WASHINGTON — Step into the Mitsitam Cafe at the Smithsonian’s National Museum of the American Indian and you’ll quickly realize you’re not in for typical museum fare. Absent are cardboard pizza and cold fries. In their place are grilled bison strip loin with red currant sauce and pork shank marinated with hibiscus and chocolate. This extensive showcase of Native American cuisine is executed admirably.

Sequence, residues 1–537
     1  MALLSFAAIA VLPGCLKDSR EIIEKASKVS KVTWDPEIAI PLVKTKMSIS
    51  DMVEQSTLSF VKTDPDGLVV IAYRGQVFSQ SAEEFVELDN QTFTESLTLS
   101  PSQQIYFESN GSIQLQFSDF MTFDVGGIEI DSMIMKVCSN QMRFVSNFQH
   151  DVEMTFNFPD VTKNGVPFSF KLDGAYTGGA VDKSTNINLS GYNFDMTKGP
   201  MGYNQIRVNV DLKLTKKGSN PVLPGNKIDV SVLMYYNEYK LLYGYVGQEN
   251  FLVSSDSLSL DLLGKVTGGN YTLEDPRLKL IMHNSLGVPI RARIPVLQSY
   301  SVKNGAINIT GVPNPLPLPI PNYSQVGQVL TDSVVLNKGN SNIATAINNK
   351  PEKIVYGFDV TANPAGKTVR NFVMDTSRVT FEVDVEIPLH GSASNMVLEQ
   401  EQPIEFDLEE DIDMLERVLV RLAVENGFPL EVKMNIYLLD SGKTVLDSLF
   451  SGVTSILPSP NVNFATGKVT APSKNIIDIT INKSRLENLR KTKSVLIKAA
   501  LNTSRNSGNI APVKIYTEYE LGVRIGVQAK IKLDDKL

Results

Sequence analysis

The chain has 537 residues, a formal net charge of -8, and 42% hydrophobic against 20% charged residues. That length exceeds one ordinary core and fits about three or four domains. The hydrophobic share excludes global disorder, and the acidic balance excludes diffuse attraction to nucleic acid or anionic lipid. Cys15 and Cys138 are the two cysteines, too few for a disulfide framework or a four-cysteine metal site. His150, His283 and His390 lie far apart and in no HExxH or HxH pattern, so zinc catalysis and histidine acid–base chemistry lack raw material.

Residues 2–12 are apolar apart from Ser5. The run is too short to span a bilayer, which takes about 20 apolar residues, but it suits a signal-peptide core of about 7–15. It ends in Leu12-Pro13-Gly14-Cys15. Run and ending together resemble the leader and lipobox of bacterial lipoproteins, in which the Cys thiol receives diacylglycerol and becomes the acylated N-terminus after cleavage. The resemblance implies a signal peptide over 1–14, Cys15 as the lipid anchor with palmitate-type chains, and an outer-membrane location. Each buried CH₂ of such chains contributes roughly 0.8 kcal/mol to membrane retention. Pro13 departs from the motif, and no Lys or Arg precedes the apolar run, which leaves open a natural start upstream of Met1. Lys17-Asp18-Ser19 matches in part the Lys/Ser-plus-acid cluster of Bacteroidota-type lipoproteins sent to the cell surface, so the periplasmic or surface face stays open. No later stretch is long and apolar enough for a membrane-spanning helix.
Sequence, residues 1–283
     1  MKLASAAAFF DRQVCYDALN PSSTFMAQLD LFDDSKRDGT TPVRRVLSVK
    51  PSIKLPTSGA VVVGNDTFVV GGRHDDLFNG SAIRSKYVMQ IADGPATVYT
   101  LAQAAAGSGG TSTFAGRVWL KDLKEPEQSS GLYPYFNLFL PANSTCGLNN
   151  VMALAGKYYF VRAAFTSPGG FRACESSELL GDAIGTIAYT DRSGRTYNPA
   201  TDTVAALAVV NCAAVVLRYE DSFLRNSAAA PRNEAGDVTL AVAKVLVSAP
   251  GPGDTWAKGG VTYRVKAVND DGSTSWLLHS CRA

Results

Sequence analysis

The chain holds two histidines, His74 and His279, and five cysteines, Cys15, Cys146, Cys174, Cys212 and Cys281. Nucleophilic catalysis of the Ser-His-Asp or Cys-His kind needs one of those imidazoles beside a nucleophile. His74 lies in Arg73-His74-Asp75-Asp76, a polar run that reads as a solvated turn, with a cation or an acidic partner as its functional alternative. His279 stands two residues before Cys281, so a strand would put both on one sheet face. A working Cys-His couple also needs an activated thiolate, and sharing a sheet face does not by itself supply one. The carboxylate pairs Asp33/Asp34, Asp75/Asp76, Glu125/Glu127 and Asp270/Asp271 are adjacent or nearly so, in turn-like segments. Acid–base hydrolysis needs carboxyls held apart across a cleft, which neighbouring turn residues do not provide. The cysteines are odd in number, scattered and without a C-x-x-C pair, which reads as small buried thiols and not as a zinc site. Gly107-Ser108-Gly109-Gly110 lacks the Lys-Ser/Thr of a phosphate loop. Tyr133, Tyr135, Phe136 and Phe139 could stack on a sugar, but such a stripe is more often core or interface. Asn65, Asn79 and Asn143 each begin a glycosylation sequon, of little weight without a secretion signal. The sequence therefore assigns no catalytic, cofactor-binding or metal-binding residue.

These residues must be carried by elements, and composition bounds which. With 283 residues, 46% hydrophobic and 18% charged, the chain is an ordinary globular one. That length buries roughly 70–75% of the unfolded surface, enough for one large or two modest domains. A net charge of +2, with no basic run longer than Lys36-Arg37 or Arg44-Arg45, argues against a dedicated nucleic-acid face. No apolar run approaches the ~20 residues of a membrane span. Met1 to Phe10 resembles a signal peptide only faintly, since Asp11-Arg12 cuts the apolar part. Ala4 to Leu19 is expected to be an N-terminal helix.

The cafe features a daunting array of hearty, wholesome dishes that make use of ingredients and cooking techniques popular with the indigenous peoples of North and South America. Executive chef Richard Hetzler sees this as one big edible living exhibit, in which visitors literally get a taste of the cultures represented elsewhere in the museum. Both the menu and the cafeteria-style serving area are divided into five regions: Northern Woodlands, South America, Northwest Coast, Mesoamerica, and the Great Plains. The focal point is in the Northwest Coast section, where two richly colored sides of salmon face off, each lashed to a charred plank of cedar suspended over a wood fire. The fish is not just for show. It appears in dishes like horseradish-crusted salmon with huckleberry chutney.